instagram pinterest linkedin facebook twitter goodreads facebook circle twitter circle linkedin circle instagram circle goodreads circle pinterest circle

WordPlay

Sprunt

As writers, we value words. They are, after all, the building blocks with which we construct our books. In earlier posts, we've featured words taken from other cultures, and to that list we have to add the word sprunt. It's a verb, an olde worlde Scottish verb, and it means 'to chase a woman around a farmer's haystack after dark'. This is another example of an activity that is so common within a culture that a single word has evolved to describe it.

     (We particularly like the qualification 'after dark'. As far as we know, there is no word for chasing a woman around a haystack during the day – either Scottish men then had better things to do; or, until it was dark, there was no reward for a successful catch.)

 

Post a comment

Ubuntu

To kick off the New Year, we feature the word ubuntu. It's a South African word, originally part of a Zulu phrase. There's no easy English translation, but in essence it means "sharing the human ideals of compassion, mercy and generosity to link all societies together". After the tumult of 2020, we could do with a little more ubuntu.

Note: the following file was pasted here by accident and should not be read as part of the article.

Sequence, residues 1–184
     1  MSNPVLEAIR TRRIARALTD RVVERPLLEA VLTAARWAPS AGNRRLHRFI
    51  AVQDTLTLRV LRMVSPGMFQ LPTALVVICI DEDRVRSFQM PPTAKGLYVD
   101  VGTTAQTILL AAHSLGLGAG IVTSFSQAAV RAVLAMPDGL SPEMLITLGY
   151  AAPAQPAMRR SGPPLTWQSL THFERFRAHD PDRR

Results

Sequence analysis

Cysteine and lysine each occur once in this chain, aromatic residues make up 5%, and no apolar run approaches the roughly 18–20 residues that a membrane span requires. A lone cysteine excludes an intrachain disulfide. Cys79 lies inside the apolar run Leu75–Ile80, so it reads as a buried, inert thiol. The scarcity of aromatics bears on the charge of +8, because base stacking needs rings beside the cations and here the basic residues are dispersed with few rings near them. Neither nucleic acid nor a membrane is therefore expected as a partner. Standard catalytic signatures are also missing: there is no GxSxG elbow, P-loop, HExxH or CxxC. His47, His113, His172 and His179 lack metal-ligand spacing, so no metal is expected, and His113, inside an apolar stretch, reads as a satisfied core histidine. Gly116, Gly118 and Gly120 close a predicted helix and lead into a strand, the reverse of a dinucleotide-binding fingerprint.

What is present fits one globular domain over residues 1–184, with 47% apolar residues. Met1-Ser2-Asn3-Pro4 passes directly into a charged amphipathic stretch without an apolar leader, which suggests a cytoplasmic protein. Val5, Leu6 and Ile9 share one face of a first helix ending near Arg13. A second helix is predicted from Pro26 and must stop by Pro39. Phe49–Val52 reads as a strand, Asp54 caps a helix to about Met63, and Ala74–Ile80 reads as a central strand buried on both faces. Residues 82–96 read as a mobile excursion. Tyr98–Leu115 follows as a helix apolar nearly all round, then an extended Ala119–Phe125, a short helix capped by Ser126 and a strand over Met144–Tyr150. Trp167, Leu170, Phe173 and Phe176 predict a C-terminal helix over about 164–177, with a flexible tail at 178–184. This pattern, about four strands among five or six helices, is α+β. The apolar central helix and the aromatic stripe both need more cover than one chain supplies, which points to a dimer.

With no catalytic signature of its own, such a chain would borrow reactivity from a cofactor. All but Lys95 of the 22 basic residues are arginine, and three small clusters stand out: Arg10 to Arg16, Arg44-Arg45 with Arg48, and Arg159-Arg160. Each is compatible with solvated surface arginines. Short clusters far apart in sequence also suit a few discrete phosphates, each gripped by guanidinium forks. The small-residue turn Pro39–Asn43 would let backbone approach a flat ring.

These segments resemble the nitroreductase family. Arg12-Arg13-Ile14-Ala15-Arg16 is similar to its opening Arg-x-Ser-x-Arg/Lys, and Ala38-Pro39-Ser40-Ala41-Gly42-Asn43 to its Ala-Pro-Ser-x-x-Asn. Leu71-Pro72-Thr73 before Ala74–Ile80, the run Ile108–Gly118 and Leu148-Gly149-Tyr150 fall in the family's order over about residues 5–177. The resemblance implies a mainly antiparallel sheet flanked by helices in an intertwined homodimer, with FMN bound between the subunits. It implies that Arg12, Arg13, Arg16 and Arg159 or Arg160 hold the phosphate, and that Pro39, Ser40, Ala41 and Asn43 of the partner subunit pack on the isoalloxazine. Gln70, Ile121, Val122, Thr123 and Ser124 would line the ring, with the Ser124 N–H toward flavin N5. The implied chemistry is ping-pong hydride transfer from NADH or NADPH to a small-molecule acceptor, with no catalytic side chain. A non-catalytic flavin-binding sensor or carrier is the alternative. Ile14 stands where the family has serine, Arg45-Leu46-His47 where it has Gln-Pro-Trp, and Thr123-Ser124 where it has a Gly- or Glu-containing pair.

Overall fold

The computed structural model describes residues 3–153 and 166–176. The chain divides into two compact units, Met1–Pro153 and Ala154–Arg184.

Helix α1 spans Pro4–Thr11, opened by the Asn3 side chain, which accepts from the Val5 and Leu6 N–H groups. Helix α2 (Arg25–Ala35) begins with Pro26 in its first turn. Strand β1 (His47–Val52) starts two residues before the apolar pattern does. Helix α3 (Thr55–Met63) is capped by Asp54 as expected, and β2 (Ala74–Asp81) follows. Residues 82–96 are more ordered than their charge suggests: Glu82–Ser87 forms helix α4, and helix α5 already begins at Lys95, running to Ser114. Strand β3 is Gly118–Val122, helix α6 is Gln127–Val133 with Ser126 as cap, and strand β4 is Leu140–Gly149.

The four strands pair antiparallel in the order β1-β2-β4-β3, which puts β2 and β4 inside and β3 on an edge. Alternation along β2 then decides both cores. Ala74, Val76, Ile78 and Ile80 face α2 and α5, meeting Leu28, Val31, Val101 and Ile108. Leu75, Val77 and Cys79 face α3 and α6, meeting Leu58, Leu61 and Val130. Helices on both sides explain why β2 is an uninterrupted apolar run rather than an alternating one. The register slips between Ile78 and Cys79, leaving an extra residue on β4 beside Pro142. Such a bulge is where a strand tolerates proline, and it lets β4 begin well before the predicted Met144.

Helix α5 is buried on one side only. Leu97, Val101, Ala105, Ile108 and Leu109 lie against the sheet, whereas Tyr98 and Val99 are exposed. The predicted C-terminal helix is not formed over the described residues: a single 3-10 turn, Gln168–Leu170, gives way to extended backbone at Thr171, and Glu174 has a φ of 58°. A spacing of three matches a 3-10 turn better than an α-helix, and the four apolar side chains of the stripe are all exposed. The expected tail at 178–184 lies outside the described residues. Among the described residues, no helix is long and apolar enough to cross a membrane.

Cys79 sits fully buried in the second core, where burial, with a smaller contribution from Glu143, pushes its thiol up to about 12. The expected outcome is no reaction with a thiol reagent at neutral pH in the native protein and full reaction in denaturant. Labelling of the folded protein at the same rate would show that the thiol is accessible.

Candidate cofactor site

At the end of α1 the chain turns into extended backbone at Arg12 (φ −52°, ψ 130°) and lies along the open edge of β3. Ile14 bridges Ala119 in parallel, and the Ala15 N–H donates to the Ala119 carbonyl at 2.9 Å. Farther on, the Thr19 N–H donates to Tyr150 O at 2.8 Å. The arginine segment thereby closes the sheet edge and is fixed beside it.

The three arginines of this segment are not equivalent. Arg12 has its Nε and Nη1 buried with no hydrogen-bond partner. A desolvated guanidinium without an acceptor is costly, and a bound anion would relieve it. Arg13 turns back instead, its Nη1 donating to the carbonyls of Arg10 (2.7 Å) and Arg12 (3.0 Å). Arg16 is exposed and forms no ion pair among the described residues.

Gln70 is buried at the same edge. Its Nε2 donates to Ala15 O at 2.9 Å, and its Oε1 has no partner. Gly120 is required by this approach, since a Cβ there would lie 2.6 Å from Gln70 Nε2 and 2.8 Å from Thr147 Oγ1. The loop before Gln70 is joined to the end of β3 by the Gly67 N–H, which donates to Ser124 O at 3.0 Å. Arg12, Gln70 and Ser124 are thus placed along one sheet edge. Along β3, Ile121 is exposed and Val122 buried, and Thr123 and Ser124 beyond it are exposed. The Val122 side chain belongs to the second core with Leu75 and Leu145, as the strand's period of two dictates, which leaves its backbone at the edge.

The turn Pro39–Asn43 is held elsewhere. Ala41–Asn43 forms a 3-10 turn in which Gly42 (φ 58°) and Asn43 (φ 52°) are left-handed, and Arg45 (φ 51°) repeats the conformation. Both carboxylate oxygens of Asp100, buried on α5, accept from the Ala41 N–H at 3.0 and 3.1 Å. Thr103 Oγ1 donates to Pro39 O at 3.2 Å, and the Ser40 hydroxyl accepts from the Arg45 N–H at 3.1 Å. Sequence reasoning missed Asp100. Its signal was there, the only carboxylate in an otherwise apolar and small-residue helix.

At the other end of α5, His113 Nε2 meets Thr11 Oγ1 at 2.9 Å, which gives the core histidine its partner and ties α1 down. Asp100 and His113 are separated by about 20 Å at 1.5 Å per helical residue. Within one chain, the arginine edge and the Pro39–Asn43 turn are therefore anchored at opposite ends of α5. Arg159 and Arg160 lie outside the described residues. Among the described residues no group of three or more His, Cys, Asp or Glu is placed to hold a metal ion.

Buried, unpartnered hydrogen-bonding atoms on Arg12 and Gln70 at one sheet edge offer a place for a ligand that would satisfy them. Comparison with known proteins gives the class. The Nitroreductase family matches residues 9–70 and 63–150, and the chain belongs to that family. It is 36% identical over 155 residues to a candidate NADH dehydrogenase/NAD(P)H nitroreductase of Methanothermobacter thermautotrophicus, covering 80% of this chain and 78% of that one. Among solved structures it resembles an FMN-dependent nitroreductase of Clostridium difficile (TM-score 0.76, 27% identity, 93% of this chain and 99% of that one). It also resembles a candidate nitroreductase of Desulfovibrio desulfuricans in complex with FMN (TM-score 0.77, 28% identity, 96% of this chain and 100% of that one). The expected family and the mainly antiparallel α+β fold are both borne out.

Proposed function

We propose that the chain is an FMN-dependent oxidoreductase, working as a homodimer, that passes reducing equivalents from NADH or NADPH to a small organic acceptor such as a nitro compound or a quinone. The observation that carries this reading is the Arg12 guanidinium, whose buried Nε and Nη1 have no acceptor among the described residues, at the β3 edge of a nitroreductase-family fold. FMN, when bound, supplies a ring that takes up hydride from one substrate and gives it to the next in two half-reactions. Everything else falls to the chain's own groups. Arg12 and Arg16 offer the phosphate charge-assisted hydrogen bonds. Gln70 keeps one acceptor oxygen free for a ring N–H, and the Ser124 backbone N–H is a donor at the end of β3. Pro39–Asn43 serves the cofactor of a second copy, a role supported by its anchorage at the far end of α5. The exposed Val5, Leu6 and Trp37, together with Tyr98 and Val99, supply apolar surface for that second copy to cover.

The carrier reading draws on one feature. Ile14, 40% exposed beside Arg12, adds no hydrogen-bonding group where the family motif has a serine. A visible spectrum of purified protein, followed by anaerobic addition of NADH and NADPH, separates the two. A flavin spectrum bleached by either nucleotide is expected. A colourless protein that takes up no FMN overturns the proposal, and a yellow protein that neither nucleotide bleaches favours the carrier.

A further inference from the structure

Post a comment

Tingo

Another word that recently caught our attention (see October post below) is tingo. You won't know this word, because it's spoken only by the people who live on Easter Island, one of the most isolated places on Earth, in the southeast Pacific. Broadly speaking, tingo means 'to borrow things from a friend's house, one by one, until there is nothing left worth taking.' Entire books have been written about Easter Island and why the culture there collapsed, but in our view, this one word – all by itself – tells you everything you need to know.

Post a comment

Nomohoni

 You won't know this word, because it is used by the Yanomami, a so-called primitive tribe of Stone-Age Indians who live in the jungles of Venezuela and Brazil. We came across this word when we visited a Yanomami village while researching our book Along the River that Flows Uphill, which describes a river-boat journey we took from the Orinoco to the Amazon.

     There's no English equivalent, but nomohoni roughly means 'to employ trickery to set a trap for your enemies so they feel sufficiently secure that you can safely massacre them.'

     This is a complex concept to incorporate into a single word, and most societies (fortunately) don't need it. The fact that the Yanomami do gives you a peek into their culture.   

Post a comment